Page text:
SPIRITUAL - A Cantata (Duration 26 minutes)
This 7 movement cantata invokes the sound world of early gospel music and African singing. Some of the techniques used such as sliding from one note to another, singing pitches which fall between semi-tones, imitating the sound of the harmonium, and placing melody in the middle of the choir rather than on the top, are taken directly from these styles.
However, “Spiritual” is intended for use by choirs from the Western classical tradition and many techniques in the piece also relate to this tradition, especially early English church music. In particular, whole pieces of Western religious music often use just one or two words for their text: “Hosanna”, “Agnus Dei”, “Lux aeterna”, “Jubilate”, etc., so each movement in “Spiritual” makes use of individual words chosen as much for their sound as for their meaning and the human voice becomes an instrument; repeating and varying the syllables in the same way that an instrumentalist uses articulation and tonal variety to bring expression to music.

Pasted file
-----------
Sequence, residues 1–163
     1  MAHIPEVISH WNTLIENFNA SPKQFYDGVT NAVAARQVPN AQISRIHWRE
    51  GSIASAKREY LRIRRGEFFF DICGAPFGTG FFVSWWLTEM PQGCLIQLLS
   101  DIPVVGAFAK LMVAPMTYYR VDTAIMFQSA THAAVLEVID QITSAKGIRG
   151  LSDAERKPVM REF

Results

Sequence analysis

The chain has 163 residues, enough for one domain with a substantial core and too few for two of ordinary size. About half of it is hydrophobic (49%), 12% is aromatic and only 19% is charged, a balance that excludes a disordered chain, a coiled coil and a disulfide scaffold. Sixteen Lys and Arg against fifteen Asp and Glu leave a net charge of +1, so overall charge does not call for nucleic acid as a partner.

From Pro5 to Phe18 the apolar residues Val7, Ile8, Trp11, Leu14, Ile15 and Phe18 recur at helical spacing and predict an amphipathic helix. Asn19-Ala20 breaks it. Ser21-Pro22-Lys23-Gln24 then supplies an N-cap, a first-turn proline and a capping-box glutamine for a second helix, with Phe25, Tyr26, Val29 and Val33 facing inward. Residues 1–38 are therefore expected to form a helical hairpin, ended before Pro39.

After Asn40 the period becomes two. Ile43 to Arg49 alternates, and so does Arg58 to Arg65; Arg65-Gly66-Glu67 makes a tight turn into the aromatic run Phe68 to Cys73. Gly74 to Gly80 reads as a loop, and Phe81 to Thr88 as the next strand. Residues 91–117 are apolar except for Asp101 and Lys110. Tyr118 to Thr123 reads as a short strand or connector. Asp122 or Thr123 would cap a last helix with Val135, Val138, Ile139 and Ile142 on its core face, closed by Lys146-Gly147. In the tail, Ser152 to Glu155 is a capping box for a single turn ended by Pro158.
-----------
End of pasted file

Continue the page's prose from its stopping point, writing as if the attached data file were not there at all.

Many of the words used in the piece (“river”, “loving”, “pain”, “jubilation”, etc.) are familiar from gospel songs, but “hovercraft” may be something of a surprise. The idea comes from a wonderful archive recording of a song entitled “Jesus is my aeroplane”, which I changed to “hovercraft” in keeping with the watery nature of some of the other movements.
The piece uses various percussive sounds in addition to the voice, particularly clapping in the final movement. As the charismatic singer Jessie Dixon said, “If you don't come away from a gospel concert with sore hands, no one will believe you've been there”.
A capella choir (SATB)
The piece also exists in a version for saxophone quartet (SATB)
E - Easy: Can be sung by almost anyone and learnt aurally.
I - Intermediate: Still easy, but with a few tricky bits. Some score reading ability would help.
A - Advanced: Challenging. Reading skills required.
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